As with many members of the city's music scene, Mohawk's road back to regular operations was not an easy one. Through the pandemic, Mohawk saw most of its revenue deflated and staff laid off, and during its closure, the venue also had to contend with the struggle of securing and waiting for the arrival of its share of targeted relief dollars.
After a prolonged closure, however, Mohawk's management saw the opportunity to begin their return this May, joining other venues that were closed or operated at low capacity for months. With funding now trickling in and eager patrons ready to return this spring, Mohawk was also able to welcome back one of its former employees to manage the bar's reopening, including its sold-out performance for dozens of guests the evening of May 27.
“Being laid off from a place like this is so significant because this is fundamentally—it becomes a part of who you are," Mohawk manager Jeanette Gregor said. "I get to step back into my home, my family and my profession knowing that I’m valued by not just the music community. ... Our local, state and federal government cares about bartenders and stagehands and musicians and a bunch of rock-and-rollers that are about to put on a really, really good show."
Before acts The Tender Things and Heartless Bastards took the stage, U.S. Rep. Lloyd Doggett, D-Austin, spoke about the policy and governmental challenges Austin venues faced over the past year in securing emergency funding to stay in business and keep staff paid. While hundreds of millions of dollars have been allocated to the arts scene as part of COVID-19 recovery actions from the city to national levels, Doggett said the pace of those funding rollouts and additional considerations surrounding unemployment and public health remain top needs for the industry as it rebuilds this year.
“The federal funds we’ve approved, seeing that actually get in the hands of businesses like the Mohawk is the next thing because it’s not quite here. ... The other thing is the work for unemployed musicians," he said. "We’ll be doing all we can to support Austin music, and with the return of [the Austin City Limits Music Festival], I think things will start beginning to look like they once did. I’m sure there are some venues that have gone under, and hopefully some of them can be revived.”
Signs of those closures, or of businesses and venues that have yet to arrive at a reopening date, are still prevalent throughout downtown. According to data compiled by the city and the Downtown Austin Alliance, more than 16% of Austin's dozens of downtown venues operating prior to the COVID-19 pandemic have permanently closed as the local entertainment industry lost nearly one-fifth of its workers as of late 2020. However, with spaces such as the Mohawk once again welcoming guests on a regular basis alongside a combination of warmer weather, rising vaccinations and growing public confidence in venturing out, downtown advocates and operators are seeing signs that vital in-person visits could once again be ramping up this summer.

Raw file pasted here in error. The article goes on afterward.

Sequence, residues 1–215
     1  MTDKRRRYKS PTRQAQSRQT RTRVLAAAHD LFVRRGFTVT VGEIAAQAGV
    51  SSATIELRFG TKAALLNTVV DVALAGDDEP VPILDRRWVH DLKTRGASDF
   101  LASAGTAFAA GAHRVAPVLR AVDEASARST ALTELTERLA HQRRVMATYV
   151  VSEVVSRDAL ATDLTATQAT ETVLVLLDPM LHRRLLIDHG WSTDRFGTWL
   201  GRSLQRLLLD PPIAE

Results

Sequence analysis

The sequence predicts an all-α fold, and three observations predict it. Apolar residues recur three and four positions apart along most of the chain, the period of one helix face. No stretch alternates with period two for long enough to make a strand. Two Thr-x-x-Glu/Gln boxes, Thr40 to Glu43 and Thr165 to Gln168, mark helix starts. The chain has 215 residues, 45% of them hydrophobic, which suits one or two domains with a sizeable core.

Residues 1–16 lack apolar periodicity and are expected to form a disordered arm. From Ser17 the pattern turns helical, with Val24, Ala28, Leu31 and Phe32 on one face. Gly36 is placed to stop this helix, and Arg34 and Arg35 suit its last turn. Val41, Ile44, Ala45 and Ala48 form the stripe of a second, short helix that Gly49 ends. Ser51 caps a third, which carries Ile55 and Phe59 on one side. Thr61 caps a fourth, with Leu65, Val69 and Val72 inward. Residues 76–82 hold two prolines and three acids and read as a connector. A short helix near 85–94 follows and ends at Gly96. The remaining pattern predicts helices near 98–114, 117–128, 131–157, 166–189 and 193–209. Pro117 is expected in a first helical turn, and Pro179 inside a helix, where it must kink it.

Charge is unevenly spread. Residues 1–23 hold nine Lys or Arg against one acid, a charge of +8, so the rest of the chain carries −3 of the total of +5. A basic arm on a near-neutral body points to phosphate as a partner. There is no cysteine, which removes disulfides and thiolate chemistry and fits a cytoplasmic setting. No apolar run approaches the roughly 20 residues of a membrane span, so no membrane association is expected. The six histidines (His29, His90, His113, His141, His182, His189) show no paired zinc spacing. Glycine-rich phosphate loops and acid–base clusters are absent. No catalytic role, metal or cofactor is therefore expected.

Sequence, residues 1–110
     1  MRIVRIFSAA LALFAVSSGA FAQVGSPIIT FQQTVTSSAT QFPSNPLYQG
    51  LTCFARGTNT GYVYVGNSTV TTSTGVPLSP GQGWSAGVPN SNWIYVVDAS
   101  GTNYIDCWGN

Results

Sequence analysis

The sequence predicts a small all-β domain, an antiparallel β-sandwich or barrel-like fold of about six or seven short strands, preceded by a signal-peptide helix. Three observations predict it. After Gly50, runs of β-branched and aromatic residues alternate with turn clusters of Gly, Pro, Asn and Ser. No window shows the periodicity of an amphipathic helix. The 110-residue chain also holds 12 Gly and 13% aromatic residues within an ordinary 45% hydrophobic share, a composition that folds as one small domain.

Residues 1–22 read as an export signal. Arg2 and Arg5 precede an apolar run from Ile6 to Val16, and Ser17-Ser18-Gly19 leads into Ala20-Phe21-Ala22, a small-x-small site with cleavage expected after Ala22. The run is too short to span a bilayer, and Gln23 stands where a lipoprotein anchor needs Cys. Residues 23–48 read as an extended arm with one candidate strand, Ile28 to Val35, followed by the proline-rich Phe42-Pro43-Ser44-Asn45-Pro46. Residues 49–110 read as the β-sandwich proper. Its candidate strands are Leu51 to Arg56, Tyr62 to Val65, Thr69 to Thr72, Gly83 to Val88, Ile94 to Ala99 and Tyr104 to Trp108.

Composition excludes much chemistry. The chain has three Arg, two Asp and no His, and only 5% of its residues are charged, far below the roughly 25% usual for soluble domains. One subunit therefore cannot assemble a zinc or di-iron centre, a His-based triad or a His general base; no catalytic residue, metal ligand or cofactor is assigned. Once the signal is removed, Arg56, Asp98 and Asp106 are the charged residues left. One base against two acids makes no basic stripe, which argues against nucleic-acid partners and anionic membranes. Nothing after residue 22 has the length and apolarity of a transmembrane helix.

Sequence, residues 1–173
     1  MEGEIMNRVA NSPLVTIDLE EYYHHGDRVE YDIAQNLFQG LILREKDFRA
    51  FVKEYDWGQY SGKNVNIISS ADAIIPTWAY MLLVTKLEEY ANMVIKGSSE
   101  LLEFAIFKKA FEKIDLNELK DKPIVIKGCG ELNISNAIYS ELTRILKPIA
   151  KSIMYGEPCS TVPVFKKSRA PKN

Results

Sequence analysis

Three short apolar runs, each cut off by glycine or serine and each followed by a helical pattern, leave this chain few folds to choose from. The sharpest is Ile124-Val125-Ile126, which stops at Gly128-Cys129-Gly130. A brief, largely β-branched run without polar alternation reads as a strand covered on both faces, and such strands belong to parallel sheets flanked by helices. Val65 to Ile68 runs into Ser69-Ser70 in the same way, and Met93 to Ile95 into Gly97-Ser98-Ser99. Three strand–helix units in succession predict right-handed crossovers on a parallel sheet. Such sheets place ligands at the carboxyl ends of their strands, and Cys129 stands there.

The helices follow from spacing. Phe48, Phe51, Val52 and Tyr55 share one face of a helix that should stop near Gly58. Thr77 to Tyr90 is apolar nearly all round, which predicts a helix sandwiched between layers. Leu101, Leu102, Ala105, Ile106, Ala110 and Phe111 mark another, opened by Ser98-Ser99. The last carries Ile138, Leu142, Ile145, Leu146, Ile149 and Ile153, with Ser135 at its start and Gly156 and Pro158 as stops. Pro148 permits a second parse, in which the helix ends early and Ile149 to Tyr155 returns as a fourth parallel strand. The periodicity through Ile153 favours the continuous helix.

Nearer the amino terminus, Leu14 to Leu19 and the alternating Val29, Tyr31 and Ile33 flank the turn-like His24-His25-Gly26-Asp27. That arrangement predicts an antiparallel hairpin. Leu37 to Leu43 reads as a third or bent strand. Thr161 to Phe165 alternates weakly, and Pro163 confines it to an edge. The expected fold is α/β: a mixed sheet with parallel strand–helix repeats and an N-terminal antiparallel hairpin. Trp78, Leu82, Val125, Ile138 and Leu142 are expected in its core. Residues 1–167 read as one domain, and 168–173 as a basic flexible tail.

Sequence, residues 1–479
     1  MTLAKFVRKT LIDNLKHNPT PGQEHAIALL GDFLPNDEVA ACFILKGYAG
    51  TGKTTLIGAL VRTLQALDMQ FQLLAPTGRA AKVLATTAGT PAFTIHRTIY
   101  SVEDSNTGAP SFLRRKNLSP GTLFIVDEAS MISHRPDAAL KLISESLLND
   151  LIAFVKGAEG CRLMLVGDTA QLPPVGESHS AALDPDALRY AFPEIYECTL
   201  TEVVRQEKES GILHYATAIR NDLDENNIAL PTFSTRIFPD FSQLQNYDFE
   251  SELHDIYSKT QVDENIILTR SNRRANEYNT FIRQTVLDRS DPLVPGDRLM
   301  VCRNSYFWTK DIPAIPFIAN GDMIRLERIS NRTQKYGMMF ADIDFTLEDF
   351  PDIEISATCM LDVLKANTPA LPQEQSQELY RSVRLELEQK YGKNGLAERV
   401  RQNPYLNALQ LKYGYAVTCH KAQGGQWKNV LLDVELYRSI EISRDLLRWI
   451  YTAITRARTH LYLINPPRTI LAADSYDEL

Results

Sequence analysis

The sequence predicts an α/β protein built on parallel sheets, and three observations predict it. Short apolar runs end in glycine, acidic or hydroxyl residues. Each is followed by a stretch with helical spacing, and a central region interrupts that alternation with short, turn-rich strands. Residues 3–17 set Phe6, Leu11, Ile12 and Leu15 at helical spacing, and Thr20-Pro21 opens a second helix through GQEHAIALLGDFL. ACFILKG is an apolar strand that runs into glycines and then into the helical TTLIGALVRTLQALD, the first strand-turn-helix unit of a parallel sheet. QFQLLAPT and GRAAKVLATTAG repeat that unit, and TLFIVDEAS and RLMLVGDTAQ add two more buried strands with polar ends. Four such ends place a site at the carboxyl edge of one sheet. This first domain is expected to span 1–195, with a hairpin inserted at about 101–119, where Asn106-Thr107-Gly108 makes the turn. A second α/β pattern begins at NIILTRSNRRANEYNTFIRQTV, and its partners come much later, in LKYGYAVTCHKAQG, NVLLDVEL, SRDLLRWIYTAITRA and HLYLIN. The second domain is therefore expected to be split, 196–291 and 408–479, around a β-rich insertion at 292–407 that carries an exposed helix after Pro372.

“People are not just driving to a downtown store; they’re coming to downtown as a destination; they’re wandering around. ... Without that daily foot traffic, it’s been a real struggle for these small businesses and live music venues," said Julie Fitch, the Downtown Alliance's chief operating officer, earlier in May. "We're very pleased to see that that pedestrian traffic is coming back up especially on the weekends right now, so that’s really been helpful to those businesses who are looking for customers to start popping in again.”
Through early May, that trend was picking up. Data provided by the Downtown Alliance points to an uptick in Saturday foot traffic throughout some of Central Austin's cultural hot spots that in some cases had eclipsed prepandemic levels with thousands of visits every weekend. On Red River Street on May 27, Mohawk's inaugural 2021 crowd was lined up well ahead of showtime, and nearby neighbors including Stubb's Bar-B-Q and Cheer Up Charlies saw steady streams of guests and concertgoers gathering through the evening.
Even as crowds hit the town again, Doggett also said continued health considerations remain important for venues and cultural areas as vaccinations and COVID-19 safety procedures could be key for venues not only getting, but staying, open. Those concerns and the pending distribution of federal and local government allocations also remain for the many venues, artists and workers still in need.
But even with operations not yet back to prepandemic norms, the view by attendees at May 27's reopening, including Pat Buchta, executive director and vice president at the Austin Texas Musicians nonprofit, was a more hopeful one after a year-plus of seeing darkened stages and empty bars.
"As we open the doors to live music in Austin once again, let me just acknowledge what it took to get here: a lot of blood, sweat and tears to ensure that musicians make it through until the lights come back on again. And that music venues are still here when the time comes, and that time is now," Buchta said.